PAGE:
Markers of lung maturation

Fig. 5.

Pulmonary surfactant protein D (SP-D) mRNA and protein expression. A: SP-D mRNA levels increased 14 days after the exposure to LPS irrespectively of the betamethasone posttreatment. B: only combined exposure to LPS for 14 days and betamethasone for 7 days increased SP-D protein expression in the bronchoalveolar lavage fluid. Exposure to LPS for 14 days did not increase SP-D protein expression. *P < 0.05 vs. controls; §P < 0.05 between experimental groups by 1-way ANOVA with Tukey's post hoc test.

Fig. 6.
Fig. 6.

Pro-pulmonary surfactant protein C (pro-SP-C) immunostaining in the lung. The number of pro-SP-C-positive cells was expressed as a percentage of TTF-1-positive cells (data in Table 4). Representative photomicrographs of immunostaining using lung sections from controls (A), 7d LPS (B), 14d LPS + 7d betamethasone (C), and 14d betamethasone + 7d LPS (D). E: quantitation of pro-SP-C-expressing cells in lung sections per microscopic field via a ×20 objective. LPS exposure increased pro-SP-C expression in the alveolar type II cells in the lung. (*P < 0.05 vs. controls, scale bar is 50 μm).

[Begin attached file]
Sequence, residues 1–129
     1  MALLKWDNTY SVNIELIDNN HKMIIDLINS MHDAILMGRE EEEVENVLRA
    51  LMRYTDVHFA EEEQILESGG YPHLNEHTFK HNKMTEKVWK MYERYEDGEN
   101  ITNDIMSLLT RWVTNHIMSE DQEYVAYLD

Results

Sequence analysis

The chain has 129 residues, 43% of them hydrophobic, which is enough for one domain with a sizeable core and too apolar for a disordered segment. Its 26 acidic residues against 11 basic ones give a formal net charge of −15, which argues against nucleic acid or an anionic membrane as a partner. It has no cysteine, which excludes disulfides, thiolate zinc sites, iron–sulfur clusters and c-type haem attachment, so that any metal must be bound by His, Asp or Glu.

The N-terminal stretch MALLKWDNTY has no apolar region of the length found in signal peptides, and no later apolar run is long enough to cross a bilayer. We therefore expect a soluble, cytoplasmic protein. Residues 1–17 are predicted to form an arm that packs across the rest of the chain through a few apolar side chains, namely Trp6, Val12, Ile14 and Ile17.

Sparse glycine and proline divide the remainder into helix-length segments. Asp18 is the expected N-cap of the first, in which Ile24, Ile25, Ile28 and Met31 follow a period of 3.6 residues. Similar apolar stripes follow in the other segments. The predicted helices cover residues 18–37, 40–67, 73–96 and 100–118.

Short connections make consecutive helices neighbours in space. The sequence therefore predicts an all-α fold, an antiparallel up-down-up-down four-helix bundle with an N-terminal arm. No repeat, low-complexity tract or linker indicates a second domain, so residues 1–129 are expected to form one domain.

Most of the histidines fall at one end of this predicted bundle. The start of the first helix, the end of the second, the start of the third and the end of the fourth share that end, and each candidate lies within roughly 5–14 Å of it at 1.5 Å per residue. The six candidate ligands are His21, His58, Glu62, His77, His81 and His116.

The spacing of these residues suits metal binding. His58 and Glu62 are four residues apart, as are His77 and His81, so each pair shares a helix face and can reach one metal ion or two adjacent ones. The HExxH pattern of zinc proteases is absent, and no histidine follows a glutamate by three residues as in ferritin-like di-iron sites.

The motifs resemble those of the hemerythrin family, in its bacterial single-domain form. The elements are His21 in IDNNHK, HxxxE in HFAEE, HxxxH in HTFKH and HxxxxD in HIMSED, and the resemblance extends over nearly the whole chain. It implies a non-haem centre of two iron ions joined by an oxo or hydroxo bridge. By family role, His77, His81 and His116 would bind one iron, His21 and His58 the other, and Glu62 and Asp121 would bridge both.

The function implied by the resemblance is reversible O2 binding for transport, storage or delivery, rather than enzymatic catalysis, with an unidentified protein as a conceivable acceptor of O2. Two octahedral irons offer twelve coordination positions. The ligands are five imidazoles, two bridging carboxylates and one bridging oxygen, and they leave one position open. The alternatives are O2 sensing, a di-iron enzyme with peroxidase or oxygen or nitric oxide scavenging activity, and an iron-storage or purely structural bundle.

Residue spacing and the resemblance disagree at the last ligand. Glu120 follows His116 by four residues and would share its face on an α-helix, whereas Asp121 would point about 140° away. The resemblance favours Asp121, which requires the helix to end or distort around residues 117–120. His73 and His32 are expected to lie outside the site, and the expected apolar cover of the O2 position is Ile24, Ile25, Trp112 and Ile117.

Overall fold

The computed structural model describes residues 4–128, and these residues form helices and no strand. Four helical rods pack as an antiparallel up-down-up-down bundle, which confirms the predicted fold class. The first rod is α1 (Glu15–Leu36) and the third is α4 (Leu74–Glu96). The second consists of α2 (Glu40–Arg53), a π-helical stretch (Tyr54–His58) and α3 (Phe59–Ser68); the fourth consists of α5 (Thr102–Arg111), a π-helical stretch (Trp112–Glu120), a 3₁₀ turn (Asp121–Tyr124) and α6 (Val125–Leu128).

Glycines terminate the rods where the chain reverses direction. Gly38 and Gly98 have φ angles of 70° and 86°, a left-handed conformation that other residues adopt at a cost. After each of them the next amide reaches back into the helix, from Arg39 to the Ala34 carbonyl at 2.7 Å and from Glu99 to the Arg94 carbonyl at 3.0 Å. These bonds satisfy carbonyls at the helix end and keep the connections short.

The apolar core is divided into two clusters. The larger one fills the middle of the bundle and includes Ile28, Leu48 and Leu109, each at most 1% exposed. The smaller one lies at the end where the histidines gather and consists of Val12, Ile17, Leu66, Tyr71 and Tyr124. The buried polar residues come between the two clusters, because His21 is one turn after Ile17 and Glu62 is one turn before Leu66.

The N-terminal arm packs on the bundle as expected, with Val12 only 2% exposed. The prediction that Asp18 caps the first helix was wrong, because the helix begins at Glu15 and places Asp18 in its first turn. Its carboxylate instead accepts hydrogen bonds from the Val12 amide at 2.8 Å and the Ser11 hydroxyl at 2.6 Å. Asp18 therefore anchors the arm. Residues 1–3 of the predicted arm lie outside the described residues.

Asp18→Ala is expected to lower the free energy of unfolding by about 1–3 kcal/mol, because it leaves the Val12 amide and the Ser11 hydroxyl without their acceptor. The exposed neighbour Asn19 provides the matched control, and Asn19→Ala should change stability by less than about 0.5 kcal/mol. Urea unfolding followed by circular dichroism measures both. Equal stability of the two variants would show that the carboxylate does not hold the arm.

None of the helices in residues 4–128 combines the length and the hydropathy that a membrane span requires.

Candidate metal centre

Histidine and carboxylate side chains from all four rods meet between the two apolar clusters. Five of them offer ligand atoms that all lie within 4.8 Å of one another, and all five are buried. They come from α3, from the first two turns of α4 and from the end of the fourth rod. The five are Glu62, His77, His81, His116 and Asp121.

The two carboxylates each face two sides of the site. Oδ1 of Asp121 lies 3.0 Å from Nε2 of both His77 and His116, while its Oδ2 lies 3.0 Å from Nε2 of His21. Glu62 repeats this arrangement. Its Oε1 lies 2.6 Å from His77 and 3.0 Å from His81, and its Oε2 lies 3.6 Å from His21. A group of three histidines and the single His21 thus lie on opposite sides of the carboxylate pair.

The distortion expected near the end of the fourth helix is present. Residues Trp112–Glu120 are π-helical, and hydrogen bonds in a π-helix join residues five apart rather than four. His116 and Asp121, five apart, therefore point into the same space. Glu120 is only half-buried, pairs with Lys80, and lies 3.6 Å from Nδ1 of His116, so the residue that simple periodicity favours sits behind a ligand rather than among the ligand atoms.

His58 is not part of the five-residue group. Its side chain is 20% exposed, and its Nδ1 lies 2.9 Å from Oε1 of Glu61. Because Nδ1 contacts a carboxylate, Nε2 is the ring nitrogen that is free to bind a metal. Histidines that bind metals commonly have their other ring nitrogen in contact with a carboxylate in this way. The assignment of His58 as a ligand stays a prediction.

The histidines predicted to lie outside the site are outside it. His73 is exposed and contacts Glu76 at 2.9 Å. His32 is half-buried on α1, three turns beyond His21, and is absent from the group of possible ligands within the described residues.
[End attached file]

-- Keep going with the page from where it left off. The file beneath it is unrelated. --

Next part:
Sat PC is the major surfactant lipid (22). Exposure to intra-amniotic LPS for 7 or 14 days increased Sat PC in the fetal air spaces (Fig. 7A). Betamethasone alone did not significantly increase Sat PC expression. However, the 14-day LPS exposure followed by betamethasone for 7 days had the highest airway Sat PC levels (Fig. 7A). Consistent with increases in surfactant Sat PC, lung volumes, a measure of compliance, increased in all the LPS groups regardless of betamethasone exposure, with the highest lung volumes recorded in the 14-day LPS followed by 7-day betamethasone exposure group (Fig. 7B).

Fig. 7.

Saturated phosphatidylcholine (Sat PC) and pressure-volume curves. A: Sat PC levels in the bronchoalveolar lavage fluid were increased 7 and 14 days after exposure to intra-amniotic LPS. Betamethasone posttreatment 7 days after the exposure to LPS increased Sat PC levels further. B: pressure-volume curve of animals after 14 days of LPS exposure was significantly higher compared with controls irrespectively of treatment with betamethasone. *P < 0.05 vs. controls; §P < 0.05 between experimental groups by 1-way ANOVA with Tukey's post hoc test.

DISCUSSION

Lung inflammation, increased airway surfactants, and increased lung volumes consistent with clinical lung maturation are the major effects of experimental chorioamnionitis (32, 35). In this study we evaluated whether the exposure to the commonly used anti-inflammatory drug betamethasone altered the responses to LPS in the fetal lung. The major conclusion was that betamethasone when administered 7 days after intra-amniotic LPS did not inhibit lung inflammation but resulted in a striking lung maturation. However, when betamethasone was given 7 days before intra-amniotic LPS, lung inflammation was suppressed and lung maturation was more modest.